The start of the New Year tends to bring a feeling of hope and optimism.
Provincial Agriculture Minister Lyle Stewart says there’s a lot of work on the table from the continuing pasture transition to research and the new Business Risk Management Programs.
He notes one of the key areas of focus for 2016 will be around finalizing trade agreements with the EU and TPP.
“I’d have to say particularly the Trans Pacific Partnership. This is a region of 800 million consumers who really need the things we produce in Western Canada, and 800 million consumers whose standard of living has been rapidly increasing every year to the point where they afford to buy the things we produce and export.”
The beginning of the New Year also brings new regulations as to who can own farmland in Saskatchewan, as amendments to the Saskatchewan Farm Security Act come into effect today.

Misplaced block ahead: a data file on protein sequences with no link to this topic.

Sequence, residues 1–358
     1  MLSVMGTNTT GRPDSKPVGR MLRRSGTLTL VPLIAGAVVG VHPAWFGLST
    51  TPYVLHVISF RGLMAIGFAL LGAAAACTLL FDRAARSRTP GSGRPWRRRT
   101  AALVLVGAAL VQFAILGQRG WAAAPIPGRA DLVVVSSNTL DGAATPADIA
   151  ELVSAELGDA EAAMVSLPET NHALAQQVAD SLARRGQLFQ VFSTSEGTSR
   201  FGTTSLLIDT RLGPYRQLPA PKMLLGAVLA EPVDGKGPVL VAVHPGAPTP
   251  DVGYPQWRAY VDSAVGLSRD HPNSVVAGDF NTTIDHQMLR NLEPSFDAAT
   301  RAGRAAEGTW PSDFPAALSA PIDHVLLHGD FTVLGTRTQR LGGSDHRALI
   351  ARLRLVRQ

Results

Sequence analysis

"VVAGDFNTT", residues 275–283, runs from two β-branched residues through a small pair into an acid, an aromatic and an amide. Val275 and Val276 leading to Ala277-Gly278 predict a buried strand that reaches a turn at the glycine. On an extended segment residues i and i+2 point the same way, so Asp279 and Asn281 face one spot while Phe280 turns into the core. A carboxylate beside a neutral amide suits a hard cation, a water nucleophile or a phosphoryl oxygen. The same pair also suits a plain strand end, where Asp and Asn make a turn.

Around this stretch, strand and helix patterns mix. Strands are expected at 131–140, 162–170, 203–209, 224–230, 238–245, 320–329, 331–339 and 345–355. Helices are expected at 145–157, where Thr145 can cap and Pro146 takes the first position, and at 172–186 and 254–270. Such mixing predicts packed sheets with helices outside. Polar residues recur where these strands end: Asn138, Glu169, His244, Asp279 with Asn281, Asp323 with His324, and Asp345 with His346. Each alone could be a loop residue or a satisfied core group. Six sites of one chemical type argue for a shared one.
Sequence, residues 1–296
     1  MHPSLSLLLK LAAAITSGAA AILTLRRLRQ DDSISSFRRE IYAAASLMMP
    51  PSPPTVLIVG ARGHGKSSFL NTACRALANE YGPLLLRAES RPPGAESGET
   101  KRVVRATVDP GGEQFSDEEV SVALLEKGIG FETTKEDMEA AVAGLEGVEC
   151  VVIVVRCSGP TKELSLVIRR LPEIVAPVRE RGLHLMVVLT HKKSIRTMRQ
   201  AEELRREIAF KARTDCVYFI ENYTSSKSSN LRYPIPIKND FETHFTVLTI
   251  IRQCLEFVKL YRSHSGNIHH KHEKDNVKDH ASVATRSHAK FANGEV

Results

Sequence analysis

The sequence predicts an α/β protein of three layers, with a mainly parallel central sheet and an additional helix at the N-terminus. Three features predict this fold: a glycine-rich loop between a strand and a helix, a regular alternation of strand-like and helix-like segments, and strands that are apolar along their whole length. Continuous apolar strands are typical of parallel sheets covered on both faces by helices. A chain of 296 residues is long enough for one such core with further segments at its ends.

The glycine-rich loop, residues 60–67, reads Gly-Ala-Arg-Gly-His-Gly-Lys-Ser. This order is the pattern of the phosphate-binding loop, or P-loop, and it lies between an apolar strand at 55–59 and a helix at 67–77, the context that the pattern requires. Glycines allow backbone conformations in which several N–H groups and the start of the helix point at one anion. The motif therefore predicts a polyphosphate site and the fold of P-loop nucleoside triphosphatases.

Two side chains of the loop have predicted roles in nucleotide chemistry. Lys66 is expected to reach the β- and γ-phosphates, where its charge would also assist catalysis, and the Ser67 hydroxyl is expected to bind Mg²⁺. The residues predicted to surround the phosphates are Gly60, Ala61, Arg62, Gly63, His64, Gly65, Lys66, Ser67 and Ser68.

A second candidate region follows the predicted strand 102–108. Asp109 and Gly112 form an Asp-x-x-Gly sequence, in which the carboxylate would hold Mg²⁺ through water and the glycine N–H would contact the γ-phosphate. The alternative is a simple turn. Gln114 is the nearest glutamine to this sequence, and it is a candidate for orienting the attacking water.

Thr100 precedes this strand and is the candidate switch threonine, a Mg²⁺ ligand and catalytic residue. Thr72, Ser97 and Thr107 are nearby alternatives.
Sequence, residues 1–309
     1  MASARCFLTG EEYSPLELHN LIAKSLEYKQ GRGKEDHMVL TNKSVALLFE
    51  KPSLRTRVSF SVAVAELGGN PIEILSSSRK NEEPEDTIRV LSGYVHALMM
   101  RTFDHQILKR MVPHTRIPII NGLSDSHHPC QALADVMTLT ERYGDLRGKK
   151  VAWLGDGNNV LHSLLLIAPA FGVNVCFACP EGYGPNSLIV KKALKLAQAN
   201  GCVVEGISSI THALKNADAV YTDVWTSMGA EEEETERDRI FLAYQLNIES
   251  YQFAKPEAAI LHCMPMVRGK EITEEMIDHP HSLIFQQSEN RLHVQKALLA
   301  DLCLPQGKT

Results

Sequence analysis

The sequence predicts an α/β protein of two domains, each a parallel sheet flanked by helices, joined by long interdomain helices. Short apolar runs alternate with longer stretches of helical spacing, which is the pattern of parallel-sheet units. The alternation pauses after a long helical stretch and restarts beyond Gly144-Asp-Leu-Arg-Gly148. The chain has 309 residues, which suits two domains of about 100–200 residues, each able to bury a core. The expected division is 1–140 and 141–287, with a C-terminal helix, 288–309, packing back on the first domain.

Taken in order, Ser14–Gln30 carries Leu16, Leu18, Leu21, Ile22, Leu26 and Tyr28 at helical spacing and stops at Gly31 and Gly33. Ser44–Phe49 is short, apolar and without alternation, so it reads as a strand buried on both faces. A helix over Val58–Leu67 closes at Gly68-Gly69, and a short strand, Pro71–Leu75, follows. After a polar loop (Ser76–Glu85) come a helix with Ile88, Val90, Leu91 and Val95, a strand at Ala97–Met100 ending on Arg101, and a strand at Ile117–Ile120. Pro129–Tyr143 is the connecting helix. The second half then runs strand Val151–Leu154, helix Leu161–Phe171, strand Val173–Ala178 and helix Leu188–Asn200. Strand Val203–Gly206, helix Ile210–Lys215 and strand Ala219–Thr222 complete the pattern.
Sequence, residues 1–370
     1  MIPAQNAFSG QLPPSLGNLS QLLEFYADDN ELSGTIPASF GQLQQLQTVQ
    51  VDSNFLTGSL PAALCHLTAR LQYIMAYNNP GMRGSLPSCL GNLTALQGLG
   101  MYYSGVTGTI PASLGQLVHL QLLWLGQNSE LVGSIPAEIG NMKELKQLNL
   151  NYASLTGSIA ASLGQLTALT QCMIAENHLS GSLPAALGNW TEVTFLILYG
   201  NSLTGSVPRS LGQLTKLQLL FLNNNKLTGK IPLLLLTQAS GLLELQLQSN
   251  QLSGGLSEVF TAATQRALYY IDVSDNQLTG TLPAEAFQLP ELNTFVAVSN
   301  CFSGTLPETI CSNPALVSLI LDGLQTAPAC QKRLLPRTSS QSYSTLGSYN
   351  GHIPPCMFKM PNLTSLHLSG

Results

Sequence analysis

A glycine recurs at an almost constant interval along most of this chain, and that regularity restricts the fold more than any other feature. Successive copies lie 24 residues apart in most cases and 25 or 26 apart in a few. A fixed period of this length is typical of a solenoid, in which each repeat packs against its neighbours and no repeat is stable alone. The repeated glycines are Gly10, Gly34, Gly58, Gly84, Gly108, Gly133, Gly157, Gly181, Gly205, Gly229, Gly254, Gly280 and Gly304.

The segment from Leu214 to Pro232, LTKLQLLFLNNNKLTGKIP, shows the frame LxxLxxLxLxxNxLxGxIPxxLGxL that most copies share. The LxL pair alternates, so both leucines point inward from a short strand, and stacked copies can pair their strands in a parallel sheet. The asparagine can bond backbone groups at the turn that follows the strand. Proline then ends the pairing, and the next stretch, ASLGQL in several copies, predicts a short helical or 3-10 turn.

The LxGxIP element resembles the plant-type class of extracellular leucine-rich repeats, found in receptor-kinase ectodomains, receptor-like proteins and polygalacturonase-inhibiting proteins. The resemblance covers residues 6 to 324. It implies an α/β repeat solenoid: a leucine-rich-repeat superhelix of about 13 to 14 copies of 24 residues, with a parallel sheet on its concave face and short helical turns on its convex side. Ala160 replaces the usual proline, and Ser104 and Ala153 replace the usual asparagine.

Stewart outlines the key changes.
“Investment trusts and pension funds are specified as not being elegible to own Saskatchewan farmland in the new Act. Of course, foreign ownership is not allowed as always. Any financing of transactions is required by the Act to be through Canadian financial institutions or Canadian individuals.”
The new legislation also gives The Farm Land Security Board the tools it needs to enforce the rules.
He notes it reflects the overall views of Saskatchewan residents who took part in last year’s Farm Land Consultation process.